Large Intestine: Bacterial Flora and Motility – Digestive System Organs (Nursing)

by Jasmine Clark

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    00:01 The large intestine is home to a large number of bacteria which help with digestion.

    00:08 This is referred to the bacterial flora.

    00:11 The bacterial flora consists of thousand plus different types of bacteria and the number of bacteria in our flora actually outnumber our own cells 10 to 1.

    00:27 They enter from the small intestine or the anus and they colonize the colon.

    00:34 The bacteria and the gut are able to undergo several metabolic processes as well that are important for human health.

    00:42 First they're able to undergo fermentation which allows for the digestion or fermentation of indigestible carbohydrates and mucin.

    00:53 But sometimes this can lead to the release of irritating acids and gases which happens at about 500 milliliters per day.

    01:03 Also the bacteria in our large intestine are able to synthesize certain vitamins.

    01:09 So for example, the synthesis of the B complex as well as some vitamin K that is needed by the liver for the production of clotting factors is produced by bacteria that are living in our large intestine.

    01:25 Another very important role of these bacteria are that they keep pathogenic bacteria and check.

    01:32 So sometimes we refer to the bacteria in our large intestine as the good bacteria or are pro bacteria.

    01:41 The beneficial bacteria are going to outnumber and thus suppress the pathogenic bacteria because they're going to just out survive the pathogenic bacteria that don't belong.

    01:53 Also our immune system destroys any bacteria that tries to breach through that mucosal barrier.

    02:01 This is where the MALT of the appendix can come in handy since epithelial cells recruit dendritic cells to the mucosa to sample microbial antigens and to present those antigens to T cells in the MALT.

    02:17 This then triggers the production of IgA, which is then going to restrict the microbes.

    02:25 So looking at the digestive process in the large intestines, we find that residue remains in the large intestines anywhere from 12 to 24 hours.

    02:36 Again, no food breakdown is actually occurring except for the breakdown by those bacteria.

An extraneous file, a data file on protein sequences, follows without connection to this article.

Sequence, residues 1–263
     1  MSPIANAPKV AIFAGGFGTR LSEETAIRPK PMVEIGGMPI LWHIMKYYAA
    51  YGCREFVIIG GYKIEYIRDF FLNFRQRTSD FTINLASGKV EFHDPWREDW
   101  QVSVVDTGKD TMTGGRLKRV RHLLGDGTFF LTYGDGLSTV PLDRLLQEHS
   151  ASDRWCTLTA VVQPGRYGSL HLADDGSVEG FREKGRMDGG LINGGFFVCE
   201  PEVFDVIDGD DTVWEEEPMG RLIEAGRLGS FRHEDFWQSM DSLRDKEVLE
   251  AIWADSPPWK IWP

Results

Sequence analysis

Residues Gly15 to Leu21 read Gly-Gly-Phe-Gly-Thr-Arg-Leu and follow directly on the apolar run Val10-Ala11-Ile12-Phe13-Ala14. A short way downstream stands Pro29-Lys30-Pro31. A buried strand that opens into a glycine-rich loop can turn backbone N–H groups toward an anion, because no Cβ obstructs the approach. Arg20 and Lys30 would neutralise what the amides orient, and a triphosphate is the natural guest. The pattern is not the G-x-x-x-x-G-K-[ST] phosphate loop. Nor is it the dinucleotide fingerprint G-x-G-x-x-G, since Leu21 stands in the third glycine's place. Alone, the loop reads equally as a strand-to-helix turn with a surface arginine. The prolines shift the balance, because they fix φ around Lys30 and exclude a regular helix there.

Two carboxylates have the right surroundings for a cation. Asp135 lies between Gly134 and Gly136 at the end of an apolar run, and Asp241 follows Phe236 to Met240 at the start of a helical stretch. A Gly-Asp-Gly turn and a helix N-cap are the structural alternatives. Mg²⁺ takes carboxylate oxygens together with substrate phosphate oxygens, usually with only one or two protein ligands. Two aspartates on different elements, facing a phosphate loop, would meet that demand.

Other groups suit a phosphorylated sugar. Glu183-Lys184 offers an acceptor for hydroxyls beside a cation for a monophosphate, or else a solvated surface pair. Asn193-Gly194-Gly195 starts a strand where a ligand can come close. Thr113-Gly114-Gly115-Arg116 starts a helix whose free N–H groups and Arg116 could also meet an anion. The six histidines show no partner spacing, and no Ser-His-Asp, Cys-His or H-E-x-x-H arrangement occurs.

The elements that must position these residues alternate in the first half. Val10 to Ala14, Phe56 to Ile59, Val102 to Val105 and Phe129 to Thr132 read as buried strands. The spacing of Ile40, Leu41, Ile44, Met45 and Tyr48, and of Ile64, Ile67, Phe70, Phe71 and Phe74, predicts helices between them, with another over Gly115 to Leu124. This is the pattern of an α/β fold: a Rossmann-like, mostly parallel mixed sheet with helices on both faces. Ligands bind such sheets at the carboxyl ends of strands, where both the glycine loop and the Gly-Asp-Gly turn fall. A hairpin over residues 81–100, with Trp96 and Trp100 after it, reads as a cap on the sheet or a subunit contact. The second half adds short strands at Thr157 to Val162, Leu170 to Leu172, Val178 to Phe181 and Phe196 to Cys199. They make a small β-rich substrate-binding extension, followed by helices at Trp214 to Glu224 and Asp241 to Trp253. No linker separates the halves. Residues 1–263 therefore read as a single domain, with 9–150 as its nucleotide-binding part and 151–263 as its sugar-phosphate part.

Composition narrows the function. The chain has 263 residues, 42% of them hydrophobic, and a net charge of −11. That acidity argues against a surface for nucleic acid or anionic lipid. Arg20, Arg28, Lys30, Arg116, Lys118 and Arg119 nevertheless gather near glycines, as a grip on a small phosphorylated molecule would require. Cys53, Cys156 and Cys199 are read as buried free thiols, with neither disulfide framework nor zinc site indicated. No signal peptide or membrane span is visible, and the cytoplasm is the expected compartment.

02:45 Vitamins that are made by the bacteria as well as water and electrolytes are going to be absorbed in the large intestine.

    02:54 And the major function of the large intestine is the propulsion of feces to the anus and as well defecation.

    03:06 Movement of substances through the large intestine occurs due to haustral contractions which are the most contractions of the colon.

    03:16 This is where haustria are going to sequentially contract and response to distention of the large intestine.

    03:25 This slow segmenting movements are going to be occur mostly in the ascending and transverse colon of the large intestine.

    03:37 Also large intestine motility can be triggered by the gastrocolic reflex, which is initiated by the presence of food in the stomach.

    03:47 So if you think about it, if there's food in the stomach, we need to move whatever is in the large intestine out of the way, so that it, the food in the stomach can eventually go to the large intestine.

    03:59 So that's where the gastrocolic reflex comes into play.

    04:03 This is going to result in mass movements are slow very powerful peristaltic waves that are going to be activated about three to four times per day usually in response to meals.

    04:18 While most of the propulsion is going to occur in the ascending and transverse colon the descending colon and the sigmoid colon are going to act as storage reservoirs for residue until the gastrocolic reflex takes over.

    04:35 So then we have defecation.

    04:38 Defecation involves mass movement forcing the feces toward the rectum.

    04:45 Distension is going to initiate the spinal defecation reflex.

    04:51 Then from there parasympathetic signals are going to stimulate contraction of that sigmoid colon as well as the rectum.

    05:00 And it's going to relax that internal anal sphincter.

    05:04 Recall that the internal anal sphincter is made up of smooth muscles that are under involuntary control by these parasympathetic signals.

    05:15 Next you have conscious control of the external anal sphincter.

    05:20 So here when during the process of defecation you have to allow for the relaxation of that second external anal sphincter in order for the feces to be released from the body.

    05:35 The muscles of the rectum are going to contract in order to expel the feces.

    05:41 This is assisted by a maneuver known as the valsalva's maneuver.

    05:46 Recall this happens when the glottis is going to close, and the diaphragm contracts, and as well the abdominal wall muscles are also going to contract.

    05:58 This leads to an increase in the intra-abdominal pressure.

    06:03 As well the levator ani muscles are going to contract and this is going to cause the anal canal to be lifted superiorly, allowing for feces to leave from the body.

    About the Lecture

    The lecture Large Intestine: Bacterial Flora and Motility – Digestive System Organs (Nursing) by Jasmine Clark is from the course Gastrointestinal System – Physiology (Nursing).

    Included Quiz Questions

    1. Suppress pathogenic bacteria
    2. Ferment indigestible carbohydrates
    3. Vitamin synthesis
    4. Release irritating acids and gases
    5. Fat emulsification

    Author of lecture Large Intestine: Bacterial Flora and Motility – Digestive System Organs (Nursing)

     Jasmine Clark

    Jasmine Clark

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